Regarding the PXF simulation you mentioned in this thread, do you know if there is any application notes or more detailed descriptions. It looks oscillator is an autonomous system, but when the jitter is generated by power supply, it becomes a kind of driven circuit?
Thank you.
Jacki
Back to top
 
 
View Profile   IP Logged
Jacki
Senior Member
****
Offline



Posts: 167

Re: Simulation of DJ using SpectreRF
Reply #8 - Sep 28th, 2017, 5:39am
 
By the way, Frank, you talk a lot about the eye diagram plot. Would it be possible to evaluate an oscillator by eye diagram as well, just like a driven circuit?
Thank you.
Back to top
 
 
View Profile   IP Logged
Jacki
Senior Member
****
Offline



Posts: 167

Re: Simulation of DJ using SpectreRF
Reply #9 - Sep 28th, 2017, 9:58am
 
Hi Frank,

   I see you talk about the sampled PXF, what is the unit of the output from the sampled PXF? Does the transfer function has the output unit as sec/V? Because you say we can get the jitter by dividing the transfer function results by the slope of the output signal (I guess PSS can do it, do we need to define the time event as in PNoise simulation?). I think the slope is dv/dt, if so, the output should have the unit square(sec)/V? Please correct me, I am new to use the PXF transfer function. Thank you.
Back to top
 
 
View Profile   IP Logged
Frank Wiedmann
Community Fellow
*****
Offline



Posts: 635
Munich, Germany
Re: Simulation of DJ using SpectreRF
Reply #10 - Sep 29th, 2017, 2:18am
 
The pxf transfer function has the unit V/V. When you divide by the signal slope (V/s), you get the transfer function from power supply ripple to output jitter in s/V. If you use the pxf analysis, you should not add an additional ripple to the power supply voltage. As a consequence, pss convergence should not be a problem because you only have a single tone (the oscillator signal).

You can of course also use the eye diagram. You will have to be careful to specify the correct time period for the eye diagram plot, however, because this may strongly influence your result.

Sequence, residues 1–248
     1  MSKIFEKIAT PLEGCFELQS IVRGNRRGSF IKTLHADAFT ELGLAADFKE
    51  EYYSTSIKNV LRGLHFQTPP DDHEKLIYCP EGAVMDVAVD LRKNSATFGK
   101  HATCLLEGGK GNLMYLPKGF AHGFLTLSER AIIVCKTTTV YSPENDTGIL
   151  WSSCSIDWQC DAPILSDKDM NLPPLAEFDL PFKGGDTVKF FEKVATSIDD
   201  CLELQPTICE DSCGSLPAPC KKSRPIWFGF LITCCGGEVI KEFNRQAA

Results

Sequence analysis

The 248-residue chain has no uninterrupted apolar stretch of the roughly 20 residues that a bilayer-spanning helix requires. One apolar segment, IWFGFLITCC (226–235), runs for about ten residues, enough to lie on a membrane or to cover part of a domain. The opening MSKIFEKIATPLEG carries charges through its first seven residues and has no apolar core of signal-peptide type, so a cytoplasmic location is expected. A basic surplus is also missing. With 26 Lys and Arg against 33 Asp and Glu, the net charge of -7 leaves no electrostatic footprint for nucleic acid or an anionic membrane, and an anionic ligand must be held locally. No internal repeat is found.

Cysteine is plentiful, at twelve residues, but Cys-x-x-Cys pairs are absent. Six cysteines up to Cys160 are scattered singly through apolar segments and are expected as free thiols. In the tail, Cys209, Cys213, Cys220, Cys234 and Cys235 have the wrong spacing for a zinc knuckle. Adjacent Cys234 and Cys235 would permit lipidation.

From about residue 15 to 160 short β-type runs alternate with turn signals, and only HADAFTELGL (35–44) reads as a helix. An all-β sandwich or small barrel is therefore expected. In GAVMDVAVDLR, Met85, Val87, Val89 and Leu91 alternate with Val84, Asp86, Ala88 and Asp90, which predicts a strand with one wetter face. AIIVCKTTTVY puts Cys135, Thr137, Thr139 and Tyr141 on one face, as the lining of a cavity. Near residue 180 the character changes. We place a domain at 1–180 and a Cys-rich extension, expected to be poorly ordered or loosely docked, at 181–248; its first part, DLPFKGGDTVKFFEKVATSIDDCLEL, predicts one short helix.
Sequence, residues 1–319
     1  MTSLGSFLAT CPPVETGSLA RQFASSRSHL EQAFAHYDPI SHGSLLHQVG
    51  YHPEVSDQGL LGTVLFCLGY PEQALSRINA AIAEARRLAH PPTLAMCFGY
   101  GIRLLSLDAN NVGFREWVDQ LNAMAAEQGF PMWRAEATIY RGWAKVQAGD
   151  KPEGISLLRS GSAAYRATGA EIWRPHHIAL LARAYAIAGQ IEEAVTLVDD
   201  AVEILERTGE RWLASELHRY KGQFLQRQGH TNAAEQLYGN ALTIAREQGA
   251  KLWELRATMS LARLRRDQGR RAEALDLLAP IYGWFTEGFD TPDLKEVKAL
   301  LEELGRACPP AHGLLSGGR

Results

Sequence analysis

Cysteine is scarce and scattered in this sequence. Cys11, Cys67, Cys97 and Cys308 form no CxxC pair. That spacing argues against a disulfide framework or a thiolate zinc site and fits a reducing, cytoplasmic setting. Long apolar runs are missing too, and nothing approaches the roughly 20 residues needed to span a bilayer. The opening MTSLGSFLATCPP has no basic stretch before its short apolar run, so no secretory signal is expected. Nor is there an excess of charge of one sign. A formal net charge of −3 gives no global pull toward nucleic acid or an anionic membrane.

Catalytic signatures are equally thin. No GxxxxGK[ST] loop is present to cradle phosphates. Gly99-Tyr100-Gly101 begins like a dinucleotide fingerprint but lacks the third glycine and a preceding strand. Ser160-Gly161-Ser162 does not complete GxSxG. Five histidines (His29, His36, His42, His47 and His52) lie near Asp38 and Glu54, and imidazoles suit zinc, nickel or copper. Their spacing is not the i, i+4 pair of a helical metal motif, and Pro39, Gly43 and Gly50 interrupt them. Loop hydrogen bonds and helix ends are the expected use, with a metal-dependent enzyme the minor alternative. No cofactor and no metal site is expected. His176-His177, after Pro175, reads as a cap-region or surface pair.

Back to top
 
 
View Profile WWW   IP Logged
Jacki
Senior Member
****
Offline



Posts: 167

Re: Simulation of DJ using SpectreRF
Reply #11 - Sep 29th, 2017, 4:08am
 
Hello Frank,

   Thank you. It seems the sampled PXF gives the sensitivity of the output jitter to the supply ripple, and it is a small-signal condition. Since the result from PXF divided by the slope dv/dt has the unit sec/V, how to calculate the jitter at the output due to the power supply ripple? Also is the PXF giving the transfer function in Frequency domain? If so, it should be a frequency dependent transfer function (at least plot from 0 Hz to f0, f0 is the beating frequency)? how to choose the value from the PXF result?
Assume we already know the sensitivity for the output jitter to supply ripple, but the ripple on the power supply is an unknown value, how to calculate the jitter? I am guessing if I need to average the ripple value, and use the averaged ripple voltage multiply the sensitivity to get the "RMS jitter".
   Please give me a hint, and I hope I will not bother you on this problem again. Thank you. Have a nice weekend.
Back to top
 
 
View Profile   IP Logged
Frank Wiedmann
Community Fellow
*****
Offline



Posts: 635
Munich, Germany
Re: Simulation of DJ using SpectreRF
Reply #12 - Sep 29th, 2017, 4:51pm
 
Back to top
 
 
View Profile WWW   IP Logged
Jacki
Senior Member
****
Offline



Posts: 167

Re: Simulation of DJ using SpectreRF
Reply #13 - Sep 30th, 2017, 11:17pm
 
Thank you very much Frank. It seems PXF can be used to estimate a known power supply ripple with absolute frequency. I think the transfer function divided by the slope at the transition time gives the transfer function from voltage to jitter, and if we want to know the jitter, we need to know the amplitude of the ripple first. As you mentioned, for an unknown ripple, it is better to run a transient simulation. Have a good day.
Regards, Jacki
Back to top
 
 
View Profile   IP Logged
Pages: 1
Send Topic Print
Trouble viewing this site? Copyright © 2002-2014 Designer's Guide Consulting. 'Designer's Guide' is a registered trademark of Designer's Guide LLC. All rights reserved.

Our colleges are not as safe as they seem. Sexual assault is pervasive and the treatment of the victim by the adminstration is often as damaging as the assault: Campus Survivors, Campus Survivors Forum.

Some of our other sites that you might find useful: QuantiPhy.